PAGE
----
Anonymous Coward | about 9 months ago | (#46047301)

I used to get sleepy in my cube.

I was on an SSRI learning a bunch of sparsely documented DOS 'C' code.

One can only concentrate so long - even less when suffering from a side effect of somnolence. It was nice being bothered because it perked me up a little.

I tried getting up as much as I could until someone bitched to my boss about it - I even got written up for it.

Any job that requires sitting in front of a computer all day long sucks. After three to four hours, I'm toast and I need to get away for a few hours - I don't care how interesting the project is. We didn't evolve to sit all day.

Re:I like the open plan (1)

gabebear (251933) | about 9 months ago | (#46047021)

I prefer a well laid out open plan to anything else:
  • Separate Office - I get bored and many questions are much more difficult to ask via Chat... why the fuck bother coming to an office building, but work from home
  • Open plan with everyone scattered - interesting that you talk to more people on a day to day basis, but nearly as hard to actually communicate as when you have an office.
  • Open plan with similar people grouped - You can see when people aren't stupid busy and actually talk about issues that are happening. You still run into other departments, but not as often

I'm an iOS developer.

Re:I like the open plan (1)

ebno-10db (1459097) | about 9 months ago | (#46047285)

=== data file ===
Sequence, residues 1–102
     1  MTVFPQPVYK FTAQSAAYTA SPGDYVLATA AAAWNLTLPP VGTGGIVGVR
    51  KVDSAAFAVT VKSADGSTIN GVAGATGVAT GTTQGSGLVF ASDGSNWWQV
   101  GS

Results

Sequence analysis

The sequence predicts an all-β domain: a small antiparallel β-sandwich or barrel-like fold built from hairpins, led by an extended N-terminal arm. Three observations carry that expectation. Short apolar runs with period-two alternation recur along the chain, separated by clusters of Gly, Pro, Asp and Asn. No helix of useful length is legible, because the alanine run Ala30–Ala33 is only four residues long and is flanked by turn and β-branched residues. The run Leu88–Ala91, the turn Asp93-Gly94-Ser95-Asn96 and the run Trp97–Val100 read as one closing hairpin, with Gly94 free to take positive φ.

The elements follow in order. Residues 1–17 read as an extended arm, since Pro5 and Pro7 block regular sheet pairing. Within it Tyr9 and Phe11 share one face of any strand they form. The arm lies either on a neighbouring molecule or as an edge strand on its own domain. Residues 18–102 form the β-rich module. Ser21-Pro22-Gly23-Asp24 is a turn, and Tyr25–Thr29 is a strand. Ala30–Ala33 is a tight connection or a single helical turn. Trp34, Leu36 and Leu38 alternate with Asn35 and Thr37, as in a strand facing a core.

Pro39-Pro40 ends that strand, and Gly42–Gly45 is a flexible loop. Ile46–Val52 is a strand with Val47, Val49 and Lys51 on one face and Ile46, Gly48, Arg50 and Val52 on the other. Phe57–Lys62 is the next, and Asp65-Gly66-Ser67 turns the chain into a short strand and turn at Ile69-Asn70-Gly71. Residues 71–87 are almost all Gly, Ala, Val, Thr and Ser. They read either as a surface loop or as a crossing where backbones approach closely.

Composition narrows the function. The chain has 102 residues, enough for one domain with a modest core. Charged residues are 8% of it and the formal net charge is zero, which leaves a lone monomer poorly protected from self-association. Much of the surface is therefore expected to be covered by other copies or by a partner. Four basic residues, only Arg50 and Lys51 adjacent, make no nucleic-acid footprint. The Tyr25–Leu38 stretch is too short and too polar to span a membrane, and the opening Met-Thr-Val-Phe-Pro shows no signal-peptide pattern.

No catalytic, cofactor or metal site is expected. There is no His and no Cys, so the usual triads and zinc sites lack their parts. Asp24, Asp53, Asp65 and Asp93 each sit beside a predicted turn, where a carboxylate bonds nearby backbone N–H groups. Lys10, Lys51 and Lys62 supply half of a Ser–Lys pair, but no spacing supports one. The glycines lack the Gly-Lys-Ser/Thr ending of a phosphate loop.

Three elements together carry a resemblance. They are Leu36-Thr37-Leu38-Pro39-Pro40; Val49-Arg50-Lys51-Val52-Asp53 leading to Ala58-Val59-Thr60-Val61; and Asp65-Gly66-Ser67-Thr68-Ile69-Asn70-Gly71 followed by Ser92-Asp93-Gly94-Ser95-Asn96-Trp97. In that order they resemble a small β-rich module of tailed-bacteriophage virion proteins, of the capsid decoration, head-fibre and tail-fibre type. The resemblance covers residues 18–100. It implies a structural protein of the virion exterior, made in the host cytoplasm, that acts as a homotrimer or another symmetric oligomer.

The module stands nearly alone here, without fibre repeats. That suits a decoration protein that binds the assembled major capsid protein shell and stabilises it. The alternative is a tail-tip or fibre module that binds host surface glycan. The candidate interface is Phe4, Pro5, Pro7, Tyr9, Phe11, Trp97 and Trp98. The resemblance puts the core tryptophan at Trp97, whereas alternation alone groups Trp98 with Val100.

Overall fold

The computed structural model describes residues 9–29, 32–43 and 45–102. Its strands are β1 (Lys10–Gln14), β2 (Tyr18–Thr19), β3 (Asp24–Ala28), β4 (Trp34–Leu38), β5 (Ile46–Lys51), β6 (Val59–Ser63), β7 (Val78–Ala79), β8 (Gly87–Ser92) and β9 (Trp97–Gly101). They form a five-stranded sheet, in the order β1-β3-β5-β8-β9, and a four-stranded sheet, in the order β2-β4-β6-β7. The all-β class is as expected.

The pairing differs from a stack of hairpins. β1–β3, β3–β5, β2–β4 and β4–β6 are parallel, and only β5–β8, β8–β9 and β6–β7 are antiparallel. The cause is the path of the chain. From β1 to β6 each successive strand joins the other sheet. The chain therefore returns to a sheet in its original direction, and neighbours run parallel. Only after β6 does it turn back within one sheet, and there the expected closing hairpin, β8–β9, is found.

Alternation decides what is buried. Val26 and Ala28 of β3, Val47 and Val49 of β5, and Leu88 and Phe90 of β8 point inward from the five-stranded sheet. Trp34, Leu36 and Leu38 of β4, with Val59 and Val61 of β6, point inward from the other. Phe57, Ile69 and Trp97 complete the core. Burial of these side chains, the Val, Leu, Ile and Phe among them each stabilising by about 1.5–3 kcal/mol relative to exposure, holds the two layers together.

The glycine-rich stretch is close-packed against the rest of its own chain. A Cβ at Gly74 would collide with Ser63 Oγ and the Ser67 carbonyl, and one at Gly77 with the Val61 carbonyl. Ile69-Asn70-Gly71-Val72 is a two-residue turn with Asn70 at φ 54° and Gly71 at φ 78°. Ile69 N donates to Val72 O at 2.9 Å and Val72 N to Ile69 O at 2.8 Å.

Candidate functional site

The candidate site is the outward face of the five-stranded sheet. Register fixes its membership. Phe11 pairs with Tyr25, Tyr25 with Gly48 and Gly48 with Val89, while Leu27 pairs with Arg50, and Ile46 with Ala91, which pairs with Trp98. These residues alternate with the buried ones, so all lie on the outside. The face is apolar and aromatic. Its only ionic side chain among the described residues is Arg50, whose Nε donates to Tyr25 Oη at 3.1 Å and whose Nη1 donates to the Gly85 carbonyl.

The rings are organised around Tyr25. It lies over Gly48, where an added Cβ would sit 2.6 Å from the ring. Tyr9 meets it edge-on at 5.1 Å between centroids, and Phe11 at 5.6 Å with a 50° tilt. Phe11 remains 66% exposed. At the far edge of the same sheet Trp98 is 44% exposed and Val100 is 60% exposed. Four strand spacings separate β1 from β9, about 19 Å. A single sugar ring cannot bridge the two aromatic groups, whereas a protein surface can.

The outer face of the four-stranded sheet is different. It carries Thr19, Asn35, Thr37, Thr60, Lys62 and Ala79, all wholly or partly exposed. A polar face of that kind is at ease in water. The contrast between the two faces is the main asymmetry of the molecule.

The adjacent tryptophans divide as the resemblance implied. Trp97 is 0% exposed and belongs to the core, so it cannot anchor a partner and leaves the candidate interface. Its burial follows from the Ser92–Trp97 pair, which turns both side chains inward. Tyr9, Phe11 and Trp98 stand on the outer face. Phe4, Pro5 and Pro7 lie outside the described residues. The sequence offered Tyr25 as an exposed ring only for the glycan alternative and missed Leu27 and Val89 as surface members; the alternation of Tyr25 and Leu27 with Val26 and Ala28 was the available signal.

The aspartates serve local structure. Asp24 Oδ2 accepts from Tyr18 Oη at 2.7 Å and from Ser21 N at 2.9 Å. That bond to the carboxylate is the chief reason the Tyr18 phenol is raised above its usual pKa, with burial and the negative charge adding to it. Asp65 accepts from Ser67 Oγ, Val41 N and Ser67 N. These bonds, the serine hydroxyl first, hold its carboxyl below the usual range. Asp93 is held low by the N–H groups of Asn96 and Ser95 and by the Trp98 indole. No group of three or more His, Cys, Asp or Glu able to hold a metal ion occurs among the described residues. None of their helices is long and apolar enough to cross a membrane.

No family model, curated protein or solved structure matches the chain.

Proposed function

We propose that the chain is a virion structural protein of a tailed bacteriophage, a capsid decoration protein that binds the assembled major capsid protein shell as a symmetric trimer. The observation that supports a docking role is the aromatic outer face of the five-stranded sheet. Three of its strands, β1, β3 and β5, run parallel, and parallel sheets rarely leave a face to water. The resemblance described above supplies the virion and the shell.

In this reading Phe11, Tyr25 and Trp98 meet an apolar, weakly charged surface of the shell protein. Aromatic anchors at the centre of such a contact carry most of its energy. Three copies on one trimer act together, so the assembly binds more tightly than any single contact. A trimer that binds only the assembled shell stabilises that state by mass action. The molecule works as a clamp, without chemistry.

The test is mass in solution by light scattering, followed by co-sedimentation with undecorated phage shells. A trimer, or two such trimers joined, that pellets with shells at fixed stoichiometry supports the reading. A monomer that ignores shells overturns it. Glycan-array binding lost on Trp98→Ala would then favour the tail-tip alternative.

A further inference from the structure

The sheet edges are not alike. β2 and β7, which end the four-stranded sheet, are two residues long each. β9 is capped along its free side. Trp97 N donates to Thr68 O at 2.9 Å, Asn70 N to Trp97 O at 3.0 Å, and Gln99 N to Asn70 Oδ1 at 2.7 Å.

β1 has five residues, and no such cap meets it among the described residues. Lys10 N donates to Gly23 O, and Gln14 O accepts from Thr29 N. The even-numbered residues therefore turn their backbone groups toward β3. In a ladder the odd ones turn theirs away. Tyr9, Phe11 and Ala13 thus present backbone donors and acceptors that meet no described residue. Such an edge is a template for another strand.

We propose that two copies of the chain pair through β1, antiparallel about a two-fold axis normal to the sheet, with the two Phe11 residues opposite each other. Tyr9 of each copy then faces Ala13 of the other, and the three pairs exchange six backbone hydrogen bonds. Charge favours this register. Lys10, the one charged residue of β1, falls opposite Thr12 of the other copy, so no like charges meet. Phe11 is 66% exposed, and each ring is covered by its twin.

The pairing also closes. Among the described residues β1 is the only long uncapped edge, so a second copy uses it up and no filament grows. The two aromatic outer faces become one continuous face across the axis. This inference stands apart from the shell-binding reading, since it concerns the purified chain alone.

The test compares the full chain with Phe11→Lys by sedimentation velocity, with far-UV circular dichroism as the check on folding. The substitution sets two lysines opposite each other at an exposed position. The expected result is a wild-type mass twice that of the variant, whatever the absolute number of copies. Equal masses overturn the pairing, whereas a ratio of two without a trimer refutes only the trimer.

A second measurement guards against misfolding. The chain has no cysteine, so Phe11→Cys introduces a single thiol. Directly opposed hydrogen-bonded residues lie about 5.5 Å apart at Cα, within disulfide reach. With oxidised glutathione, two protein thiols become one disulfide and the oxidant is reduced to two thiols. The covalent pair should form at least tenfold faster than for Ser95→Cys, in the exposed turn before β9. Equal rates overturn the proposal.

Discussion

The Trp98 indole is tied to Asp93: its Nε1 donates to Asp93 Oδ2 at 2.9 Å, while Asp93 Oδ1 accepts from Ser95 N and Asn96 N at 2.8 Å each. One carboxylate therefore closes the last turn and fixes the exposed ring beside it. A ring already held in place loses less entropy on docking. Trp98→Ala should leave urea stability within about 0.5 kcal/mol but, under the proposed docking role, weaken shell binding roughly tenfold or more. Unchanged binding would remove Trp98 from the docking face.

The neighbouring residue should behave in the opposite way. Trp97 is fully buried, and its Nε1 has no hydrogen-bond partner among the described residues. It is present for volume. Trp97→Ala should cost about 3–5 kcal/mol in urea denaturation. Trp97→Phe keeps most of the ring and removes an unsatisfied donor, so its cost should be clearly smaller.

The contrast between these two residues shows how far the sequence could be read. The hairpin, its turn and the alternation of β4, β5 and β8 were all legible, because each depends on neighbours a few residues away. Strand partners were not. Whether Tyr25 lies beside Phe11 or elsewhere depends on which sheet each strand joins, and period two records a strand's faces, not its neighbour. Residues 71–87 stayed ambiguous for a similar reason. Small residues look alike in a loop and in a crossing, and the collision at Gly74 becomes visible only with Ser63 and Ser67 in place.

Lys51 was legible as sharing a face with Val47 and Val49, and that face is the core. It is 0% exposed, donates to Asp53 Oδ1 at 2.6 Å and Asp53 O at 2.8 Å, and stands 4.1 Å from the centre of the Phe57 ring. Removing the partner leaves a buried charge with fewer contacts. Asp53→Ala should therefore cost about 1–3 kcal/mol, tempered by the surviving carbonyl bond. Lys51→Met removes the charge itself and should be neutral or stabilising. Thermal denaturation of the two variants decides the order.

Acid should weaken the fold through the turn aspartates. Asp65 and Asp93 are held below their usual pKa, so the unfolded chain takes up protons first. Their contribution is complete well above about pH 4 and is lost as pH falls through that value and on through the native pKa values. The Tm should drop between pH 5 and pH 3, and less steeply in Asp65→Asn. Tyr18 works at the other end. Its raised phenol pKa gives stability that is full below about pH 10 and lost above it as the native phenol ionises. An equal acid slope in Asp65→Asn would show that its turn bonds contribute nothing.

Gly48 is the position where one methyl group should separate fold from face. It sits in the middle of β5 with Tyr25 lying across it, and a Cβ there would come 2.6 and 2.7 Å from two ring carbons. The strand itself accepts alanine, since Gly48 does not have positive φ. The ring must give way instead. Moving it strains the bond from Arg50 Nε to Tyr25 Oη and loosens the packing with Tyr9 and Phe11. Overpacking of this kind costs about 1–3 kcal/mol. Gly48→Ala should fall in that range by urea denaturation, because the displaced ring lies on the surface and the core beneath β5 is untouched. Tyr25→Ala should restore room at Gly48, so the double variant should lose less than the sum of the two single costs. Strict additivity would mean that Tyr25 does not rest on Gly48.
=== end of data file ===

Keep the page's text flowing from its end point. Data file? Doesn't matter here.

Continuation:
Separate Office ... many questions are much more difficult to ask via Chat... why the fuck bother coming to an office building

Were you forbidden to go to other people's offices to talk to them? Just to make it easier, in places I've worked where I had an office, everyone kept the door open except if they were doing something that would distract/annoy others (e.g. small meeting).

Re:I like the open plan (0)

Anonymous Coward | about 9 months ago | (#46047423)

I prefer offices per group of people working together all the time to open plan.

Complete open plan is so loud, you can't think straight, because someone will be talking at any given time. Headphones don't help at all, they just distract me (I'll be whistling along in my head instead of thinking straight).

When you have individual offices and all the people you need to talk to over and over during the day, you probably don't ask some of the questions you would have asked otherwise. But if your complete Scrum team (9 ppl!) is in the same room, but sheltered from everybody else in the company, you do get more collaboration and you get less distraction. Keep teams you talk to often in the adjacent big offices but with a door and wall in between. The last part will obviously become a game of optimization, which can never be won but hey ...

Re:I like the open plan (4, Interesting)

Antipater (2053064) | about 9 months ago | (#46047051)

I like my company's open plan, too. Working in cubeville felt like I was in a pen - there was a subtle "what are you doing outside your cube? Your work isn't done yet!" vibe going on. It was dehumanizing.

At my current job, we have L-shaped desks arranged into plus-signs, with all the monitors at the center. So if you want human contact, all you have to do is lean back to talk to the guy next to you. If you don't want human contact, just don't talk to the guy next to you.